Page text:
I feel like I’m being drafted over and over to defend soda. You’re all killing me. But after yesterday’s column on diet soda, I can’t ignore this. From Reuters, “Soda drinking tied to kids’ behavior problems: study“:
After taking into account habits that may have influenced the results – such as how much TV the kids watched, how much candy they ate and their mother’s race and education – the researchers still found that drinking two or four or more servings of soda per day was tied to higher aggression scores.
Overall, kids who drank four or more servings of soda per day were twice as likely to destroy other people’s belongings, get into fights and physically attack people, compared to children who didn’t drink soda.
Soda drinkers also scored higher on scales measuring signs of withdrawal and attention problems, write the researchers in The Journal of Pediatrics.
Suglia said that although the increased aggressive behavior may not be noticeable for each child, it’s moving all kids closer to the scale’s clinical threshold.
“Furthermore, if they’re drinking this much soda, it’s probably taking away from other nutritional things the child could be eating,” she said.
From CNN, “Does soda make kids more violent“:
Yet another study is warning parents to limit soda consumption with children. While previous studies have linked soda consumption with higher rates of obesity, a study published in the journal Pediatrics, says it also causes aggressive, violent behavior in children as young as 5 years old…
Children who consumed at least four servings of soda per day were twice as likely than those who didn’t drink any soda to display aggressive violent behaviors – such as destroying other people’s belongings, starting physical fights and verbally attacking other children. The kids were also more likely to have trouble paying attention to instructions, and were more withdrawn socially compared to 5-year-olds who didn’t consume soda.
“There was a dose response,” said Shakira Suglia, study author and associate professor of epidemiology at Columbia University. “With every increase in soda consumption, we saw an increase in behavior problems. It was significant for kids who consumed as few as one serving of soda per day.”
The association was present after researchers adjusted for parenting styles, and socio-demographic factors such as how much violent television the children were exposed to, their sleep schedule, and candy consumption.
The study itself:
Objective: To examine soda consumption and aggressive behaviors, attention problems, and withdrawal behavior among 5-year-old children.
Study design: The Fragile Families and Child Wellbeing Study is a prospective birth cohort study that follows a sample of mother-child pairs from 20 large US cities. Mothers reported children’s behaviors using the Child Behavior Checklist at age 5 years and were asked to report how many servings of soda the child drinks on a typical day.
They took 2929 children and measured behavior scores as well as how much soda they drank. With respect to the aggression scores, which is where CNN got its'”violent” headline, they used a 100 point scale. Kids who drank no soda scored a 56 (+/- 8). Kids who drank one soda scored a 57 (+/- 8). Kids who drank two sodas scored a 58 (+/- 9). Kids who drank three sodas scored a 59 (+/- 9). Kids who drank four or more sodas scored a 62 (+/- 9). What does that mean? I have no idea. Neither do the people who wrote the manuscript:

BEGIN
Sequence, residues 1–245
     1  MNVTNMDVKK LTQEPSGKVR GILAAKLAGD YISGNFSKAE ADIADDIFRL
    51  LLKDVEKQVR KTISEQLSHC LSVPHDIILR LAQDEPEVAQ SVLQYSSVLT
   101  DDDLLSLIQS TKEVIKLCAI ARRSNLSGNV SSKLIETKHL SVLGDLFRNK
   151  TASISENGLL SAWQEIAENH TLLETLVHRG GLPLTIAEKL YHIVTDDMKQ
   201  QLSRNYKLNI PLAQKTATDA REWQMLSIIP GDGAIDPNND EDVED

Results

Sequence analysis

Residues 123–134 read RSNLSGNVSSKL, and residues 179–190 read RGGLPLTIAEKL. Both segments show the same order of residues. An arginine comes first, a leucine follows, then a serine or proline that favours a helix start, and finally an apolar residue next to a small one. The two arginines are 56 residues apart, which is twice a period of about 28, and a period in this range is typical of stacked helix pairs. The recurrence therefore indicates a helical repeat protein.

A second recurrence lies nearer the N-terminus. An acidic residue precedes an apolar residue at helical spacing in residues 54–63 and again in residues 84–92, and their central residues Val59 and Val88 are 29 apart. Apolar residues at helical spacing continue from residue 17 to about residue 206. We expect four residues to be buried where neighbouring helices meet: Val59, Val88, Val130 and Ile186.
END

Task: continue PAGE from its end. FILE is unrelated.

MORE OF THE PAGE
“It’s a little hard to interpret it. It’s not quite clinically significant,” Shakira Suglia, of Columbia University’s Mailman School of Public Health in New York, told Reuters Health.
That’s because those scores don’t mean much in and of themselves. What’s a one point difference? No one knows. We only know, evidently, that 50 is “normal” and 65 is “a clinical marker of when children should be evaluated for a problem“. Moreover, once you adjust for everything (as they did in Table III), then there is no longer any significant difference between kids who drank 1 or zero sodas. There’s also no significant difference between kids who drank 3 and zero sodas. There’s a 3-point significant difference between those who drank 4 or more versus zero sodas, with the 95% CI going from 1 to 5.
The other finding that’s being touted is that kids who drink 4 or more sodas are “more than twice as likely to destroy things belonging to others (OR, 2.54; 95% CI 1.7-3.8).” But twice as likely is a relative thing. Did it go from 25% of kids to 50% of kids? Or did it go from 0.01% of kids to 0.02% of kids. I can’t tell you, because the “data [were] not shown in tables”.
Moreover, this is NOT AN RCT. You can’t prove causality. It could be that the 4% of kids who get four or more sodas a day (which is a lot in anyone’s book) could have bad parents,* and that’s the cause of their aggression. Or, it could be the caffeine they’re ingesting is getting to them, irrelevant of its delivery mechanism. Or, it could be that they’re bad kids, and the parents give them lots of soda to shut them up. I don’t know. But what I do know is that this study does not prove that soda causes violent behavior.
*In no way do I think kids with aggression problems have “bad” parents. I’m being provocative on purpose to illustrate that you just can’t know. Additionally, if it was caffeine, that would be good to know, but that’s a knock on caffeine, not “soda”.